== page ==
Effects are likely to be indirect resulting from crop management, rather than from the direct effect of the use of GM plant breeding technology. Indeed, had herbicide resistance been introduced to the experimental crops by traditional breeding, the design of the study would have been the same. Farmers grow and manage both GM and conventional crops as closely as possible to commercial practice. The FSE is one of the most controversial ecological experiments proposed in Britain and perhaps the most extensive ever attempted; 272 fields have been sown, over four crops and 3 years. There has therefore been intense scrutiny of its design and analysis and of its estimated statistical power to detect effects of a given magnitude. This study focused on three major biometrical issues: design, analysis and power. An overview of the project is given by Firbank et al. (2003).


  1. Top of page
  2. Summary
  3. Introduction
  4. Design
  5. Statistical power
  6. Analysis
  7. Examples of analyses using FSE data from year 2000
  8. Discussion
  9. Acknowledgements
  10. References

the chosen design

In statistical terms the chosen design for the FSE is straightforward. It is a paired-comparison experiment in a randomized block design, with a single treatment factor at two levels. Each block is a single field; in any year, each field is sited on a different farm. The two levels of the treatment factor are GMHT crop management and conventional crop management. There are two experimental units per block, comprising two halves of the same field. The GMHT crop is allocated randomly to one half-field and the conventional crop to the other.

composite treatments

The form of the FSE null hypothesis dictated that treatments be chosen deliberately to represent a composite of agronomic effects, not a single ecological process. Any feature of the crop itself, such as a varietal trait, and any concomitant agronomic practice linked to the crop concerned, such as recommended herbicide usage, would contribute towards the potential treatment effect being measured. Such practices, tied to the crop, had therefore to be allocated to units as part of the identical process whereby the treatments were randomized. Composite null hypotheses are often used in initial studies, to demonstrate the existence and estimate the magnitude of effects and thereby to screen out those unworthy of further interest. In such experiments, the most important property is of realism and applicability, so that the results relate unequivocally to the system that is studied. The FSE was designed as a large-scale experiment of this kind.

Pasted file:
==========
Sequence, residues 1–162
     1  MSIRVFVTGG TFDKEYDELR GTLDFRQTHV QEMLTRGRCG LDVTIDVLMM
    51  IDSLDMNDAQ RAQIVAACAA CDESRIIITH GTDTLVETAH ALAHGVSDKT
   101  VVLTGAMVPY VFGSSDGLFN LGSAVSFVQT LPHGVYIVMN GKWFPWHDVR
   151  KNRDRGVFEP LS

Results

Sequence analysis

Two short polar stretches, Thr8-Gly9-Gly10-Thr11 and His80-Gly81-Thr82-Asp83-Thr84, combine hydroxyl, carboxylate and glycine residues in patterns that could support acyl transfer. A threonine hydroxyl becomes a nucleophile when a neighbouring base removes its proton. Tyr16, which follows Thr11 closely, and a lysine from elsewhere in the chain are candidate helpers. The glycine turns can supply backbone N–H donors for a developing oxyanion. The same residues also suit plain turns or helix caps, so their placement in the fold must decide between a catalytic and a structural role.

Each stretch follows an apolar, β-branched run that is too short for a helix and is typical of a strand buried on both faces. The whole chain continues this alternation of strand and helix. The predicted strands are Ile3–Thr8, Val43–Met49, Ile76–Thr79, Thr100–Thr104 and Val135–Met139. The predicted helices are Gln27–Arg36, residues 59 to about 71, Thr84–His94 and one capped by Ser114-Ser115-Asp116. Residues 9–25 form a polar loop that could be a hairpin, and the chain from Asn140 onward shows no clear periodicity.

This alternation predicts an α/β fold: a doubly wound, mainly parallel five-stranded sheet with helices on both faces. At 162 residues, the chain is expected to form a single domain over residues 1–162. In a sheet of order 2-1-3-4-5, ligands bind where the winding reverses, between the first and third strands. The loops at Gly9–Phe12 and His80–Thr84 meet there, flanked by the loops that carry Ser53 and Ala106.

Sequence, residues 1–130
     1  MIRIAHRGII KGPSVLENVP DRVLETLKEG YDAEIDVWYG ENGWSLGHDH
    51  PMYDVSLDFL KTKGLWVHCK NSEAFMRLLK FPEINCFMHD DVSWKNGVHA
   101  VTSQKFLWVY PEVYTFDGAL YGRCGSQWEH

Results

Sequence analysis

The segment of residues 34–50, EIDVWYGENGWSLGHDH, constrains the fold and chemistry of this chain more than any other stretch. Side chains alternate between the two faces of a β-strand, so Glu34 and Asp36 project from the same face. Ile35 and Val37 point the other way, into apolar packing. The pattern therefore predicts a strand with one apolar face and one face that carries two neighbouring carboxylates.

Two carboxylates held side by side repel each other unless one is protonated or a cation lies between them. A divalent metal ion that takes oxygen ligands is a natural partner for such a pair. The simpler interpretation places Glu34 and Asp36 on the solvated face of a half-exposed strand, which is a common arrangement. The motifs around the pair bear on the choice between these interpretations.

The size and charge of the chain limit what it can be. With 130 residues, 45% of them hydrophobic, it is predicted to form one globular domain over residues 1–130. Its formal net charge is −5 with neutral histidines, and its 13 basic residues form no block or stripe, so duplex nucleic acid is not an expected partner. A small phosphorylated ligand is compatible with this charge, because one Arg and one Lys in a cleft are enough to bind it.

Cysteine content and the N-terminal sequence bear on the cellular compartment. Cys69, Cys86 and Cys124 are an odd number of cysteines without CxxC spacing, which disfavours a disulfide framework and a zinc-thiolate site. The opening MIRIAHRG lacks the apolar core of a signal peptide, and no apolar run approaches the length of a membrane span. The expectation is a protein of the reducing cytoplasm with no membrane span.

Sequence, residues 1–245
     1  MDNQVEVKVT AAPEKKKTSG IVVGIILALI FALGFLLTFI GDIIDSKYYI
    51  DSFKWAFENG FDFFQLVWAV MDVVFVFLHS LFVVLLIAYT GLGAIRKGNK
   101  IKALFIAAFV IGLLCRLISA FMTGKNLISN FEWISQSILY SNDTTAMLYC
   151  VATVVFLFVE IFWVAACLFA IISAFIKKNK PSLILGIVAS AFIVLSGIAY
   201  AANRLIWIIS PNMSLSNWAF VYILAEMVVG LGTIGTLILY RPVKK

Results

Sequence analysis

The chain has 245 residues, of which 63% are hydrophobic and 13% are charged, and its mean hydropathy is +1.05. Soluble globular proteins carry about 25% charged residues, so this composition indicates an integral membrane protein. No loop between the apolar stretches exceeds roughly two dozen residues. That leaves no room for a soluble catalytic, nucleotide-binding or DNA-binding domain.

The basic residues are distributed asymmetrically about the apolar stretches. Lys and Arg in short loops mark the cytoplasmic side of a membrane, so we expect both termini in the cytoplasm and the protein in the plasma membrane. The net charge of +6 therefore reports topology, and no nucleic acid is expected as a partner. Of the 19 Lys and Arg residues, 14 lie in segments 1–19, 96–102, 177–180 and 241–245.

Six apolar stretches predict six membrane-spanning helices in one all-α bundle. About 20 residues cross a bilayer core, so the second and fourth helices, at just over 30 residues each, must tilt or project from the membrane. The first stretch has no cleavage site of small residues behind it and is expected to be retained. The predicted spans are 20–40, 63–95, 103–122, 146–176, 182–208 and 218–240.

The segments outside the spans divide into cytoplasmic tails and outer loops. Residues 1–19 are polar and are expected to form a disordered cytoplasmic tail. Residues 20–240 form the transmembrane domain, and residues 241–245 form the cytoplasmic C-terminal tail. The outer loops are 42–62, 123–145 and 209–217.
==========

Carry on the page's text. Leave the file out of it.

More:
half-fields vs. paired-fields: choice of experimental unit

An issue for discussion before the design was finalized concerned the size and location of experimental units. Specifically, should farms act as blocks and units be whole-fields, paired within the farm to be as alike in biodiversity as possible? Alternatively, should a single field be divided into two halves, again as alike as possible, defining a unit as a half-field? The arguments in favour of the alternative approaches involved scientific, statistical and practical issues.

A strong argument for the half-field design was the potential for reduction in variability. The two halves of a field are much more likely to be similar, in previous management, soil type and surrounding habitat, than two different fields. Residual variation is reduced by choosing blocks such that experimental units within them are matched, as far as practicable, for the measured variable (Perry 1997). Under this argument, halving fields should enhance the statistical power to detect differences between treatments, and increase the precision with which they are estimated.

However, ecological relationships measured at one spatial scale may not have the same parameters or pertain at all at other scales (Heads & Lawton 1983; Norowi et al. 2000). Caution is required in extrapolating the results of a study on half-fields to a larger whole-field scale. Duffield & Aebischer (1994), Perry (1997) and Kennedy et al. (2001) have shown how the use of relatively small plots close to one another has affected the interpretation of experiments for relatively mobile species such as carabid beetles; this argument could favour the use of paired whole-fields. Indeed, birds and small mammals were excluded from comparison within the main FSE precisely because their territories and foraging areas often extend beyond half- or whole-fields (Firbank et al. 2003). More generally, tritrophic interactions between the chemical ecology of plants, herbivores and their natural enemies are subtle (Vet 1999) and Schuler et al. (1999) highlighted many potential indirect effects of GM plants on arthropod natural enemies.

Movement of individuals between the two halves of the same field might bias the estimated difference between treatments, especially if movement was related to the effect of crop management. For example, increased mortality on one half of the field could be compensated by density-dependent immigration from the other half. An individual carabid may easily travel the order of 300 m, the breadth of a square 10-ha field, in two nights (Kennedy 1994). Duffield & Aebischer (1994) noted that the recovery from pesticide application of invertebrate populations would proceed at a slower rate when entire fields were treated, compared with within-field plots of an identical size. Despite limited replication in the largest of their plots, they suggested that small-scale within-field trials to evaluate pesticides would in many cases fail to predict accurately the impact of commercial pesticide management.